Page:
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Advanced integration

This document goes into detail on advanced topics in specific use cases after you have already successfully integrated a basic user interface. The topics range from advanced redirects to passwordless and two-factor authentication. Read the Basic integration document first to learn about flows and methods.

Advanced redirects

Most applications that use Ory need advanced URL redirects. For example, the application might have a page where the user is redirected when their session expires. After the user re-authenticates, they should be redirected to the page they were using when their session expired.

To achieve this, the application can pass a ?return_to=<url> query parameter to the endpoint that initializes a flow: /self-service/{flow_type}/browser?return_to=

The return_to URL is the redirect URL after the flow is completed. For example, in the case of a login flow the redirect happens after a successful login.

This is a breakdown of how the redirect works:

  1. Initialize the flow with a return_to URL.
  2. Use the flow data to render the UI.
  3. Submit the flow with user data.
  4. If the flow is successful, the user is redirected to the URL defined in the return_to parameter.

The return_to query parameter doesn't automatically persist across different flows and must be added to new flows. For example, if the user starts a login flow with return_to URL set and then switches to a registration flow, the return_to URL isn't used for the registration flow. In such a case, your application can re-use the same return_to from the login flow by extracting the return_to URL from the login flow's flow.return_to and adding it to the registration flow.

sdk.getLoginFlow({ id: flow }).then(({ data: flow }) => {
const returnTo = flow.return_to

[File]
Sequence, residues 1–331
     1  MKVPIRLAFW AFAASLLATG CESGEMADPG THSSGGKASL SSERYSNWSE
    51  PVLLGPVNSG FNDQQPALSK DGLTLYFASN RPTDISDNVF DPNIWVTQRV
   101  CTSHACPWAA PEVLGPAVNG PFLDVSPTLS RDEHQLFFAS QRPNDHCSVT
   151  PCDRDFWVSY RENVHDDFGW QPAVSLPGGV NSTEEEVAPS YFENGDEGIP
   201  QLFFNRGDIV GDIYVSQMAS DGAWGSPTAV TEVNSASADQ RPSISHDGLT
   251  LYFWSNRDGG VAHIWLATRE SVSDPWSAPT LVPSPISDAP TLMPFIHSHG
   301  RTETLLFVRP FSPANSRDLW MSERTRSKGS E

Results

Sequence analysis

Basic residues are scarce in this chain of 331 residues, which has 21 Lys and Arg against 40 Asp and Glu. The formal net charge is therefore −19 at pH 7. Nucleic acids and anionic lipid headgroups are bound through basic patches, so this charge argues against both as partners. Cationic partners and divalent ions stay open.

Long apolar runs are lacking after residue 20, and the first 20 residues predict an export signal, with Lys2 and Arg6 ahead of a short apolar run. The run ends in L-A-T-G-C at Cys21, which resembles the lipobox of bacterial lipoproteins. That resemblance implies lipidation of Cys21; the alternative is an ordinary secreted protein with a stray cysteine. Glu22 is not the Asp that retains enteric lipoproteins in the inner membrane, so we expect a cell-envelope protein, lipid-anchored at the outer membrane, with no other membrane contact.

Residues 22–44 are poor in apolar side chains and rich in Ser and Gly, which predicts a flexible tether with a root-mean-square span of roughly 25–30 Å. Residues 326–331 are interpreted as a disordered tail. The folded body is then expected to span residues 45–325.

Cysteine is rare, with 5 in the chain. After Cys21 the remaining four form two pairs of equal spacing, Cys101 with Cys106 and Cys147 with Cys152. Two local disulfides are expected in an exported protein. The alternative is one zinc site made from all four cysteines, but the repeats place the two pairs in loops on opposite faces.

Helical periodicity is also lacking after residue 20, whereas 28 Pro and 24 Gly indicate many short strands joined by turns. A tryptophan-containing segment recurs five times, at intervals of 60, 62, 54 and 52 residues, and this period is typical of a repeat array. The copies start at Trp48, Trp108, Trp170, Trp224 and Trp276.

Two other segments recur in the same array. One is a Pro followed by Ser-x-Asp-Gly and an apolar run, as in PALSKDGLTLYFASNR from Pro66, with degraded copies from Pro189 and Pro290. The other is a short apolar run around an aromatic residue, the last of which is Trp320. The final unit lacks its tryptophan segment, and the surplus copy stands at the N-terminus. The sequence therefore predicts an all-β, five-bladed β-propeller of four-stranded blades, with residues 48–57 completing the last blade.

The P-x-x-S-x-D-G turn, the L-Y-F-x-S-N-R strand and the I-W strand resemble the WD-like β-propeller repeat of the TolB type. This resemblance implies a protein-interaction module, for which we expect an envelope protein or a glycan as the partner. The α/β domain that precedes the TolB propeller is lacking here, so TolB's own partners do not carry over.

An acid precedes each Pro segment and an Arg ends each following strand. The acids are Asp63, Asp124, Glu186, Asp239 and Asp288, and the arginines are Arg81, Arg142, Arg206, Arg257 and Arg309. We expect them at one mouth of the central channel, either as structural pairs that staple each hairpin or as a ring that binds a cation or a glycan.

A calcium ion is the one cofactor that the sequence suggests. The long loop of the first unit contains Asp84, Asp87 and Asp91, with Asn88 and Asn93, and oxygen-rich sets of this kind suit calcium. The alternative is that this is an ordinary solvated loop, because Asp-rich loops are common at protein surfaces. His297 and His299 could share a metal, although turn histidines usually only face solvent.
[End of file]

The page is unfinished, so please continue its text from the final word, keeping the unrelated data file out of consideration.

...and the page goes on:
return sdk.createBrowserRegistrationFlow({ id:, return_to: returnTo })

The return_to URL persists across flows only when a recovery flow transitions into a the settings flow.

Let's take a look at an example of how this works:

  1. Create a recovery flow with return_to.
  2. Email is sent with a link or code method.
  3. User completes the recovery flow by submitting the code or clicking the link.
  4. The user gets a sessions and is redirected through the settings flow.
  5. The user submits the settings flow with an updated password.
  6. The user is redirected to the return_to URL.


Refreshing user session

To re-authenticate an active user session and confirm the same user is logged in, the application implementing the UI can request Ory to force the user to authenticate again through the ?refresh=true query parameter. To do that, call the /self-service/login/browser?refresh=true endpoint. This is only applicable to the login flow and requires the user to already have a session.

This is a common use case for refreshing a session:

  1. User logs in.
  2. User interacts with the application.
  3. User is inactive for a period of time.
  4. The user returns before session lifespan expires.
  5. The application needs to confirm that the user interacting with the application is the same user that logged in.
  6. The session is refreshed through a login flow with the ?refresh=true query parameter.
sdk.createBrowserLoginFlow({ refresh: true })

Social sign-in

When using social sign-in, the user must be redirected using a native form POST. In single-page applications the page is never redirected. For the application to then have a background POST on other methods such as password, the application must separate the flow data across two forms.